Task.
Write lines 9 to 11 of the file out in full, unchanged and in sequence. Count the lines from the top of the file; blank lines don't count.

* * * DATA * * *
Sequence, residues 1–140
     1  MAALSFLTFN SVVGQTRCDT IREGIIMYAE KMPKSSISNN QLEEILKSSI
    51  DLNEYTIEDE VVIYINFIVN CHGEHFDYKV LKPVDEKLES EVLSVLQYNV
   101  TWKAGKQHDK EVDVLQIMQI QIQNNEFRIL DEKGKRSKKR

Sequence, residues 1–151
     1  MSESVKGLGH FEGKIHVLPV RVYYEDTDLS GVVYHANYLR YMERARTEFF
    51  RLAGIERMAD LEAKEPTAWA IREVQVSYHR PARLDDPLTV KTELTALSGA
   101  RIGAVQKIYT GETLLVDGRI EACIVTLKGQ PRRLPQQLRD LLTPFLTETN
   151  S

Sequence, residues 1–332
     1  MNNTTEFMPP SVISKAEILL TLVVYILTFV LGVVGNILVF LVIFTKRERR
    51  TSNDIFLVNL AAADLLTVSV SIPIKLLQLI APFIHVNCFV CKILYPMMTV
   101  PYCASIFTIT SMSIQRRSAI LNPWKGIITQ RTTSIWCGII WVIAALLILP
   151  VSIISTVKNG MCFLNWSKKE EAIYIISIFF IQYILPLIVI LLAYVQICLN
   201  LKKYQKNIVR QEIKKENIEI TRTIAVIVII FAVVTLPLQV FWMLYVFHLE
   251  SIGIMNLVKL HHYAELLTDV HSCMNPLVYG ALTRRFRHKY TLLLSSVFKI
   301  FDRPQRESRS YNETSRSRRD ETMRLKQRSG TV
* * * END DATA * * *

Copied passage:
   151  S

Sequence, residues 1–332
     1  MNNTTEFMPP SVISKAEILL TLVVYILTFV LGVVGNILVF LVIFTKRERR